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’round here

sean trew

An old, wise (and possibly slightly inebriated) sailor once mumbled out of the side of his mouth the classic phrase – “If the wind speed is approaching the temperature it may not be the best time to head out for a sail.”

Temperatures hovered around 44 degrees as the 114 boats entered in the 2015 Round the County race zipped up their lifejackets, fired up their motors and snuck out of the harbor under the morning darkness Saturday, November 7th. The forecasts Gale warning had been extended into the early afternoon and with the darkness giving way to that wonderful PNW fall twilight the fleet converged on the starting area off Lydia Shoal in the Rosario Strait for the 8:35am starting gun.

Winds weren’t into a gale yet as the first 3 classes reached off the downwind starting line, but with the winds out of the Southeast and rushing over the islands the wind quickly built up as the boats worked northward down the course through everyone’s favorite little rock islands (the Peapods). All the boats in the first start left the Peapods to port, all except that little yellow fast is fun Santa Cruz 27 Wild Rumpus and they were followed in the second start by the J/120 Time Bandit slamming the hammer down with their chute up and pulling hard towards Orcas.

Wild Rumpus took things a bit conservative and didn’t put up their spinnaker right away, but that J/120 whipped it out and sent it. They struggled up around the headland at Orcas with a bit of flogging and round ups but as soon as they could put their bow down they were lit up! That big J/120 was launched and kept the throttle down all the way around the course, correcting into the overall PHRF finish for Saturday. For the rest of the fleet the chutes began popping up as the J/120 turned down around Orcas Island and everyone had room to run out under spinnaker – that is when the real fun began for those that put up their colorful sails.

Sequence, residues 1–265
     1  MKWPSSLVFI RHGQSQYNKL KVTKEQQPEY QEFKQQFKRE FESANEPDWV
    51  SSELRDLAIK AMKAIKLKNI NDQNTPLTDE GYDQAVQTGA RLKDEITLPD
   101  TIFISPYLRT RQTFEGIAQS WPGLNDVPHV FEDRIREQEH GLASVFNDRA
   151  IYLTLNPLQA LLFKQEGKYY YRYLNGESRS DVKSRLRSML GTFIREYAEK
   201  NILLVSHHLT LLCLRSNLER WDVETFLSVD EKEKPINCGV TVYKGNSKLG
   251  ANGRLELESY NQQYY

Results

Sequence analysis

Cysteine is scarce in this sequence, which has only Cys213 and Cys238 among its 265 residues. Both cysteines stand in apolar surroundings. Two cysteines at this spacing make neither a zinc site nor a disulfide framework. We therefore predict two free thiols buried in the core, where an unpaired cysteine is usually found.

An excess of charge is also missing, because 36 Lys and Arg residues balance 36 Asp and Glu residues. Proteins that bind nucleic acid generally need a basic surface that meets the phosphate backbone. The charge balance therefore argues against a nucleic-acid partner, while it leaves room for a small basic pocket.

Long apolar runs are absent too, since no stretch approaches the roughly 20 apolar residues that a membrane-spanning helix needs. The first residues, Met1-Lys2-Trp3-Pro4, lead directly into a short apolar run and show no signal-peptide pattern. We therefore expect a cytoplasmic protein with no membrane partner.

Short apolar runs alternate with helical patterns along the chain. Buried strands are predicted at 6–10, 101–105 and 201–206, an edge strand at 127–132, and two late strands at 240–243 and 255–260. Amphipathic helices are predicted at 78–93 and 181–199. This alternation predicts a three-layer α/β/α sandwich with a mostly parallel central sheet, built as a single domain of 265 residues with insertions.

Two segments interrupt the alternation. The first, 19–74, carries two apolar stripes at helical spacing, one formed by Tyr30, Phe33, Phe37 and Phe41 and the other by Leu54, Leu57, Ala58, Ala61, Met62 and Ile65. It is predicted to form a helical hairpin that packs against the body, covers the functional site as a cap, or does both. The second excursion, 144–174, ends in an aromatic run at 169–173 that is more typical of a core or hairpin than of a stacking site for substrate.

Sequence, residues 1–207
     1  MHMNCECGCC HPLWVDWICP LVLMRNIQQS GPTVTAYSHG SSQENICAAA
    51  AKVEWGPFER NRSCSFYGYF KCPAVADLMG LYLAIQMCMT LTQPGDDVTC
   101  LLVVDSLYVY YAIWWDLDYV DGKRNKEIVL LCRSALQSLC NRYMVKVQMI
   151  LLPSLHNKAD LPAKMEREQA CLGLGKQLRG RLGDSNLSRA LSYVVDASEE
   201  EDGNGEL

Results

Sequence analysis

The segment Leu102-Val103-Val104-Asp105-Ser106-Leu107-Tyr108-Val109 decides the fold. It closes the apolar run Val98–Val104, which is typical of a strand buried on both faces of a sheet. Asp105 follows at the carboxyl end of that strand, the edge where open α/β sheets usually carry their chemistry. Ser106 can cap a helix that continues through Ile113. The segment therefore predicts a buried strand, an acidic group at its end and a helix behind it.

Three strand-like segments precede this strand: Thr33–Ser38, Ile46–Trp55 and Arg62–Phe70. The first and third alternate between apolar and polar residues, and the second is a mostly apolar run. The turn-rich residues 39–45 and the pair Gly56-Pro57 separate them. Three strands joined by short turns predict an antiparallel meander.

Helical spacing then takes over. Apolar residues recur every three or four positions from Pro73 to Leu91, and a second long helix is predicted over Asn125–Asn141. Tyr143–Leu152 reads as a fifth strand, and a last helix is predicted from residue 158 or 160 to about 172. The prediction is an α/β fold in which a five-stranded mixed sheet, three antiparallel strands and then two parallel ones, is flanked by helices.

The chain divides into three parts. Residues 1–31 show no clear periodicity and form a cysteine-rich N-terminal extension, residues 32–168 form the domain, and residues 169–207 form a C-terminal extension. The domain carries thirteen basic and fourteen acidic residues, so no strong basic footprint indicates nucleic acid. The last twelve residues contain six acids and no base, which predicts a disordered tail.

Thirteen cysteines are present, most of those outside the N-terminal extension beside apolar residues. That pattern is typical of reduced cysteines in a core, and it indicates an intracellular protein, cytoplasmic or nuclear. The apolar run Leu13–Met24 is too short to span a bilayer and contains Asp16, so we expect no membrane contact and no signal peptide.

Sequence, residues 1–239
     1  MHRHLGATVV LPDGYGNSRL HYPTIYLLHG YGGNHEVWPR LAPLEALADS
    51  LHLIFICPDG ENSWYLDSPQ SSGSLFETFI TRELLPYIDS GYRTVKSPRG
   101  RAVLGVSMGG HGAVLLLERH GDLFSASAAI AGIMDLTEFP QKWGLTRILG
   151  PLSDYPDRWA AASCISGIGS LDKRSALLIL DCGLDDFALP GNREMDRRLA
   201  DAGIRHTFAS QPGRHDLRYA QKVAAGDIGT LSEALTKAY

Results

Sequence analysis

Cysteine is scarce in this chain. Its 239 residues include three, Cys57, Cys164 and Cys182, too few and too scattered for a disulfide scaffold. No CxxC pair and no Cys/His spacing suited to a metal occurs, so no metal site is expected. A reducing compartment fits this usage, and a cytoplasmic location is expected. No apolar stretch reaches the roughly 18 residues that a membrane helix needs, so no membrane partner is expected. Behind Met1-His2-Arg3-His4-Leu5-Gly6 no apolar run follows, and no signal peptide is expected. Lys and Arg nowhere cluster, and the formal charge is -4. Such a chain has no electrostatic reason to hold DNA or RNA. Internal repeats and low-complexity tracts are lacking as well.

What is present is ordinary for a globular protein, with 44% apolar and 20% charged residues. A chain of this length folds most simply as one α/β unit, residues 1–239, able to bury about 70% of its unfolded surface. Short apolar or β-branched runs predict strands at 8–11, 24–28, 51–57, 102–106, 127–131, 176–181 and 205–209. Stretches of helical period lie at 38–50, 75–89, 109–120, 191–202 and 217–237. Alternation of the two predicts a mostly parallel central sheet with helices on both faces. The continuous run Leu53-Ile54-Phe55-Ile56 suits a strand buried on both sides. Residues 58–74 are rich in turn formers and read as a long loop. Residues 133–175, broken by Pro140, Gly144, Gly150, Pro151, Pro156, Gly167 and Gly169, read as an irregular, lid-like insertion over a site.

The winds began pushing over 30 near Clark Island, the waves built up with the current and as sterns lifted at just the wrong moment or at just the wrong angle the wipeouts began. The little SC27’s began flashing their keels at the fleet, some of the bigger boats ended up flying pendants off their mast tops that looked distinctly like the top few feet of their spinnakers and the real big monster trucks, those flashy boats in the IRC fleet motored through the fleet with their A4’s pulling rock hard and their helmsmen with eyes as wide as their leg stance, 25 knots of boat speed was a common number laughed about after the race.

This is where things got exiting for those who chose to push their boats hard and the solid and fast formula 40 Dragonfly pushed it just that little bit too hard in the big wind and waves, stuffed their bows and ended up ass over tea kettle, pitch-poled, and lying upside down in the deep cold waters east of Matia. Neptune smiled on those crazy pickle fork sailors Saturday morning and all aboard were seen standing on the bottom side of the boat, unharmed and waving as the fleet sailed by, astounded. The big schooner Martha was standing by to render assistance if needed but it was soon apparent everyone was ok and the fleets wonderful photo boats were there to help the stricken crew, right the multihull again and get them off to safety, so Martha rejoined the race.

Read the story and see tons of great shots by Sean Trew and others here.